We then read the articles date, title and url and write it to the file we created earlier. We have to encode the title-string to UTF-8, and replace certain special characters, because python does not like the ‘-character ( apostrophe ) in unicode format ( which the json string currently is in)

Notice that we use “\t” to seperate data, url and title. This is so we can later use the resulting text-file as a table and for example load it into google fusion tables.

Also notice that the last line is NOT inside the for-loops anymore. It basically waits for the user to press enter, when the program runs. This way, we can print text on the screen, without having the window disappear instantly ( on windows )


After saving this code as a .py file, i ran it, and got the following output:

2013 05 08 Backing Grows for European Bank Plan
2013 05 04 Euro Area Recession Is Expected to Deepen
2013 05 01 In Continuing Sign of Weakness, Unemployment Hits New High in the Euro Zone
2013 04 30 Italy's New Premier Puts Stimulus First
2013 04 30 Italy's New Premier Puts Stimulus First
2013 04 28 Germans' Dominance Is Peak of a Long Climb
2013 04 23 German Soccer Hero Faces Prison Amid Record Run and Scandal
2013 04 23 MEMO FROM EUROPE; Shrinking Europe Military Spending Stirs Concern
2013 04 19 Plan for Cyprus Bailout Wins Easy Approval in Germany
2013 04 16 Path to Growth Splits Europe, With Austerity A Central Issue
2013 04 13 Bailout Terms Are Eased for Ireland and Portugal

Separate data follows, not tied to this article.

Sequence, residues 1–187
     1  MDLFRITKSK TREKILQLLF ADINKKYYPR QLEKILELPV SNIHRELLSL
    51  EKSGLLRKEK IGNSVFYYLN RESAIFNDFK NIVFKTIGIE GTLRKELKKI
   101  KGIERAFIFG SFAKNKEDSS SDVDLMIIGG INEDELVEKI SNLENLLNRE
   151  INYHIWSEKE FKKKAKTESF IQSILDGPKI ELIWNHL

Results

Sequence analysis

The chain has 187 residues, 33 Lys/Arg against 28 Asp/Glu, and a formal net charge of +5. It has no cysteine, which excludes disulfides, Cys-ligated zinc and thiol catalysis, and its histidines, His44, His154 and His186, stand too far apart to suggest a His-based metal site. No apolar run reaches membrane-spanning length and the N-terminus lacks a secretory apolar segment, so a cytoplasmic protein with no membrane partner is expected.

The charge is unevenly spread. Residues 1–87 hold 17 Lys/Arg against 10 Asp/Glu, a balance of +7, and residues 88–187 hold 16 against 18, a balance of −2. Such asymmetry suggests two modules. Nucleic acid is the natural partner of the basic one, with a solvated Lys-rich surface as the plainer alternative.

2013 04 12 OP-ED CONTRIBUTOR; Cybersecurity: A View From the Front
2013 04 11 Economies of France and Italy Are Risks to the Euro Zone, a Report Says
2013 04 11 Hollande Creates a Prosecutor for Fraud and Vows to End Tax Havens
2013 04 11 Hollande Creates a Prosecutor for Fraud and Vows to End Tax Havens
2013 04 10 Europe's Data on Wealth Needs a Grain of Salt
2013 04 07 FUNDAMENTALLY; Europe's Markets, No Longer in Lock Step
2013 04 07 FUNDAMENTALLY; Europe's Markets, No Longer in Lock Step
2013 04 06 WEALTH MATTERS; Overseas Finances Can Trip Up Americans Abroad
2013 04 02 INSIDE EUROPE; Germany Appoints Itself Parent to Restive Euro Children
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Sources for data-journalism

Reading a lot about data-journalism. Looking for examples and guidelines.



very important:

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As a journalist, it is important to get data from reliable sources. One such source is Danmarks Statistik:


In this post, we are going to collect data from and import it to Google Fusion Tables.

Also, we are going to encounter lots of problems and we have to learn, how to be flexible and how to deal with them.

First, click on “Find Statistik” and then “Statistikbanken”, here you can find a wealth of information. I chose the following table:

Clicking on this link will show you the following site:Image


Here, you can choose what data specifically you want to see.

I was interested in the transport sector, especially in relation to Germany over the course of the last decade. If you press the control-key on your keyboard, you can choose multiple entries in each list, my selection looked like this:Image

Then you can click “Vis Tabel” and you will see the data set, and be able to download it as a file.

Google Tables understands .xls and tab separated .cvs files. It also supports other, but i chose the tab-separated file this time around.Image


We now want to import the file to Fusion Tables. Go to fusion tables and create a new table, choose to upload the file and select “tab” as your separator character.Image

After the file is uploaded, you will notice that the table does not look reasonable at all!Image

Apparently, we have to clean our data set first, so Fusion Tables can understand it. Use a text-editor, f.eks Notepad++ for windows or gedit for Linux to open the file.

Here is what the file looks like for me:Image